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Autumn planting - keep the 2018 summer alive throughout the winter!

31 August 2018 - Posted by Uhi Millington, in Norfolk, Trade, NewsLetter, Nursery, Suffolk

Autumn planting, and keeping the 2018 summer alive!

What are the benefits to planting in the Autumn?

1. The ground has heated up over the summer months and the soil retains that warmth, promoting root growth
2. The need for constant watering is reduced as the sun is not so intense, and daytime temperatures have reduced. We can also expect more rain and higher soil moisture levels.
3. Plants are not in active growth, they are not putting energy into making lots of foliage and flowers and can concentrate on putting down a network of roots.
4. Its a great time to plug those gaps you can see in the garden or ditch those plants that are not good value.
5. You'll be able to sit back and enjoy the fruits of your labour next spring and summer!

We recommend planting the following...


Acer palmatum osakazuki

Autumn is the best time to plant trees. They are able to establish a root system during autumn and winter which anchors them to the ground and gives them greater stability for when they begin rapid top growth during spring and summer.

Acers are one of our top picks, and with so many to choose from its hard to narrow it down. We love Acer palmatum 'Osakazuki' - it's so modest during spring and summer, you would never guess that it ends the year in a huge explosion of vivid bonfire-red leaves.

We also love Acer palmatum 'Red Emperor' for its reddish-purple foliage and its ability to cope in a sunny spot. 

Acer palmatum red emperor
Acer palmatum 'Red Emperor'

And finally we love Acer palmatum dissectum 'Flavescens' for its delicate light green feathery foliage which turn to reds, yellows and oranges from late summer into Autumn.


Shrubs are invaluable. They're good all-rounders giving shelter for the wildlife in your garden, and colour and structure throughout the year. 

Crinodendron hookerianium
Crinodendron hookerianum


One of our favourites is Crinodendron hookerianum or the 'Chilean Lantern Tree'. It's suited to well-drained, acidic soils in sun or partial shade. It's evergreen, and in spring, and again in late-summer it produces exotic crimson lanterns which hang on long stems from the branches. 

Mahonia winter sun
Mahonia x media 'Winter Sun'

If you're looking for winter interest, Mahonia x media 'Winter Sun' doesn't disappoint. It's an architectural shrub with spiny-leathery foliage, producing huge racemes of fragrant sulphur-yellow flowers to brighten up the darkest winter days.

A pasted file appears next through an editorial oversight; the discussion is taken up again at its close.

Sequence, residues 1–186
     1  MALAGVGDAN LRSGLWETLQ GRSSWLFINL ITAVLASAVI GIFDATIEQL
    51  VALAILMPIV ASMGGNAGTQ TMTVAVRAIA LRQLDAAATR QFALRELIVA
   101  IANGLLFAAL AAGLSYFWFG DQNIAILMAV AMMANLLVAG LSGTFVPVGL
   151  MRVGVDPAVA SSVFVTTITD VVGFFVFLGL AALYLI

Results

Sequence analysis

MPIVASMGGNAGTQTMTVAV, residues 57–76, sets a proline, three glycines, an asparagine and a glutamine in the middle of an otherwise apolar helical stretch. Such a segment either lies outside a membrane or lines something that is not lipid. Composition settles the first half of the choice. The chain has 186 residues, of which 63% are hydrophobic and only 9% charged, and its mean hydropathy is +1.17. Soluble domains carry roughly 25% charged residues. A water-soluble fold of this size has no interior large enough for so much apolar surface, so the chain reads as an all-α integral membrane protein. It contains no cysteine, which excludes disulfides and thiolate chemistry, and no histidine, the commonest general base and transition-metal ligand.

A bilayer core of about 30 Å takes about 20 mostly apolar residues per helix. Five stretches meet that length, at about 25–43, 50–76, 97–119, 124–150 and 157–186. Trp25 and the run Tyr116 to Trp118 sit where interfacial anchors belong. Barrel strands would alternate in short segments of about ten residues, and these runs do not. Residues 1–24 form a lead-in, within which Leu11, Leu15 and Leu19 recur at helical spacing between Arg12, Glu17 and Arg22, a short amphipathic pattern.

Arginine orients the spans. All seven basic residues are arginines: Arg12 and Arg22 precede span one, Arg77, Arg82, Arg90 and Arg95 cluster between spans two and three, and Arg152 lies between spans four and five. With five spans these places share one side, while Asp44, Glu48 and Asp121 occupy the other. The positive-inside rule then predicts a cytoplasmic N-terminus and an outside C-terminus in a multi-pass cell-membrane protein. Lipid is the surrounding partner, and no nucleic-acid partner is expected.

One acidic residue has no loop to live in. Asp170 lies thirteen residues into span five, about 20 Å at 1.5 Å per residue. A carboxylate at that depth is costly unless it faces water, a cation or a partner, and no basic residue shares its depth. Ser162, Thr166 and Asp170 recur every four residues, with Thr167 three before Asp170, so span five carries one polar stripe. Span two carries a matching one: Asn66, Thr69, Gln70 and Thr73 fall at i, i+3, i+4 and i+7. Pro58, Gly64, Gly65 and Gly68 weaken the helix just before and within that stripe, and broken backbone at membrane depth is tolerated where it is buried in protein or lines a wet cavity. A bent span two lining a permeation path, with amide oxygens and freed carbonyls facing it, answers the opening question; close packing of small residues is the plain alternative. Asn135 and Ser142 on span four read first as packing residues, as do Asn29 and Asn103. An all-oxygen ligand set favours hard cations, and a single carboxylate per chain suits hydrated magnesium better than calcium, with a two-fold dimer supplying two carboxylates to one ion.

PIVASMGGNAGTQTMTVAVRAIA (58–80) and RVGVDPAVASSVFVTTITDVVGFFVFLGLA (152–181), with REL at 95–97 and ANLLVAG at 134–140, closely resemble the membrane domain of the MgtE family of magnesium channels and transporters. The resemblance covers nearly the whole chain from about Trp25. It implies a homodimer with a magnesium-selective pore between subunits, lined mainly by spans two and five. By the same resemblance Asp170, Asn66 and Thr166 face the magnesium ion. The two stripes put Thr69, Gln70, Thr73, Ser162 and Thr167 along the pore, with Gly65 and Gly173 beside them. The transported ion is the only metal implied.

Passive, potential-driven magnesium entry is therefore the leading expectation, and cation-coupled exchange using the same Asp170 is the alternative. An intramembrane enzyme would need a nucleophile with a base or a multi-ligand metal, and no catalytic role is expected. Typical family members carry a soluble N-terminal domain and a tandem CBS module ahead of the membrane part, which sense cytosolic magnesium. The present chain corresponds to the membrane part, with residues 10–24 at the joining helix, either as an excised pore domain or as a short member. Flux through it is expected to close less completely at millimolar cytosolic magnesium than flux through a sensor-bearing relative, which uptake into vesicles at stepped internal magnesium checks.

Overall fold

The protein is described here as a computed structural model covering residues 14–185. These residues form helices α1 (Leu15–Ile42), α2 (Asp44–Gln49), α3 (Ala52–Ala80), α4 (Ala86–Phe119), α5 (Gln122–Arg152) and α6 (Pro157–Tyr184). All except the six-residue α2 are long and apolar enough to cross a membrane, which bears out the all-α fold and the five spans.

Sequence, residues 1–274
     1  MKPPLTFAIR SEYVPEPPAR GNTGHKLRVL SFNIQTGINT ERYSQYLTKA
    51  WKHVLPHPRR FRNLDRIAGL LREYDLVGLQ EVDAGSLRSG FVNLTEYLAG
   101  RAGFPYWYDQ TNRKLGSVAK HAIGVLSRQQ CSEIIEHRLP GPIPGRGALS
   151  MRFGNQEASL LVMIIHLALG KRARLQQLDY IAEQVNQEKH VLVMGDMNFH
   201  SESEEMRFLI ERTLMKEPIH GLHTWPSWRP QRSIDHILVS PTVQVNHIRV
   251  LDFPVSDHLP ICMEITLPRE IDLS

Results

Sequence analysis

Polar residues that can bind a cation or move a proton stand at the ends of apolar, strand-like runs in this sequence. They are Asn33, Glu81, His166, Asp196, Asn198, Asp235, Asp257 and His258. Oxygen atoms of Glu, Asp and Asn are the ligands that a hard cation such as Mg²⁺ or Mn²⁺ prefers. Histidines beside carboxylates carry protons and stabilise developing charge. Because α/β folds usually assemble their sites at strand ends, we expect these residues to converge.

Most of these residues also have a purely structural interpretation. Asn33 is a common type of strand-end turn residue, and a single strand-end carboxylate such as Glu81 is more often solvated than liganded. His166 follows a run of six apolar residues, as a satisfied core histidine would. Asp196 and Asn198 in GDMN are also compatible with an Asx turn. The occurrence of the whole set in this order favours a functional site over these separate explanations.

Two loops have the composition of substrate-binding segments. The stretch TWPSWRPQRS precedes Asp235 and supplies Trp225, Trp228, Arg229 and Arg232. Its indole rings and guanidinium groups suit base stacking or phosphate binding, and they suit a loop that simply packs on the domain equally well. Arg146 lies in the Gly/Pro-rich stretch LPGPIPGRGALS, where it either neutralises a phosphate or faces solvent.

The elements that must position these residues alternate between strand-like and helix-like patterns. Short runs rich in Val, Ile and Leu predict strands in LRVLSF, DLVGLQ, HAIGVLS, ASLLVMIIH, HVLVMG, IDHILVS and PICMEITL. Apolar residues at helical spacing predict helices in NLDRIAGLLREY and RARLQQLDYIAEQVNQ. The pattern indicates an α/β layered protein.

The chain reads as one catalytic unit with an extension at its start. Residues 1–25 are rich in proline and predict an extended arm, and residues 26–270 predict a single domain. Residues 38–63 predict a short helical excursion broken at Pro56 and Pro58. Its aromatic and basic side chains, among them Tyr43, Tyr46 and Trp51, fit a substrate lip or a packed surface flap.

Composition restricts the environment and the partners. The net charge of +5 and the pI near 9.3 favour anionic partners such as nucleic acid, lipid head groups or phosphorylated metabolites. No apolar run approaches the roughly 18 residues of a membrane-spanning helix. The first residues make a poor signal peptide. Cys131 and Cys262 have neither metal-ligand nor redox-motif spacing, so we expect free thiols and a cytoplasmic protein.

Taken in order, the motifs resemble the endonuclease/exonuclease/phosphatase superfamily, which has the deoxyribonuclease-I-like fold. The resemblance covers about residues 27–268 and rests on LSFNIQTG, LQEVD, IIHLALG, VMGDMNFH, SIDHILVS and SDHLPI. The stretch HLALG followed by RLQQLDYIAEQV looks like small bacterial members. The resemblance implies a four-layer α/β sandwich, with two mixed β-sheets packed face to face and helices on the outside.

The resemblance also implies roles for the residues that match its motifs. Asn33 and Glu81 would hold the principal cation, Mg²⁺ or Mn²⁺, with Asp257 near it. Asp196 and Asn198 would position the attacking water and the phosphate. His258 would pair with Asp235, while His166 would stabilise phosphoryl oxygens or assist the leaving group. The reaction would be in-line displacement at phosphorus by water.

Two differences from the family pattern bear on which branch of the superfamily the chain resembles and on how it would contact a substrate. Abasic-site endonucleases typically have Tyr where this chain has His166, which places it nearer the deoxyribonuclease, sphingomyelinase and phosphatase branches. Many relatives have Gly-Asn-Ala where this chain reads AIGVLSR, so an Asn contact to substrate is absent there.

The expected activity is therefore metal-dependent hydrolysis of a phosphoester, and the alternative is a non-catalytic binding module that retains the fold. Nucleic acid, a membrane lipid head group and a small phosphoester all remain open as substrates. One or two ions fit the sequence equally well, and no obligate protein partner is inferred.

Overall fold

Bamboos are great to plant during autumn. Planting in the cooler, wetter months means less watering whilst they establish themselves.  By the time spring comes, plants should have a strong root system to support the rapid-growing new culms. Bamboos are evergreen, hardy,  low maintenance, and have all year interest. They provide movement, sound and texture in the garden – and they provide excellent screening. 

Fargesia nitidia Black Pearl
Fargesia nitidia 'Black Pearl'

Some of our most popular bamboos are Fargesia nitidia 'Black Pearl', or Black Fountain bamboo.  These are clump forming, non invasive and upright with graceful arching tips. Dense, slender canes vary in colour from green and dark purple to black, with delicate fresh green leaves covering the plants in profusion. A great choice for a shady spot in your garden and near ponds.

Zig Zag Bamboo
Phyllostachys aureosulcata f. 'Spectabilis' (Zig Zag bamboo)

Phyllostachys aureosulcata f. 'Spectabilis' (Zig Zag bamboo), or as we like to call it 'wobbly legs', is vigorous but not rampant, tall and extremely wind tolerant. It's wonderfully ornamental, especially when the lower canes are stripped to expose bright yellow canes with vertical green grooves.


Pennisetum Black Beauty
Pennisetum 'Black Beauty'

For texture Pennisetum 'Black Beauty' is a beautiful grass. Darkly centred flower-heads with a haze of fluffy 'cats whiskers' extend from a mass of glossy green foliage. Water droplets form on the flower-heads like jewels. 

miscanthus sinensis malepartus
Miscanthus sinensis 'Malepartus'

Guaranteed to stop you in your tracks is Miscanthus sinensis 'Malepartus'. Emerging now are their silky, wine coloured flower-heads that burst into a creamy white. The arching foliage turns a lovely bronze in the autumn and winter. Leave the stems intact during the winter to provide shelter for wildlife during winter.


euphorbia blackbird
Euphorbia blackbird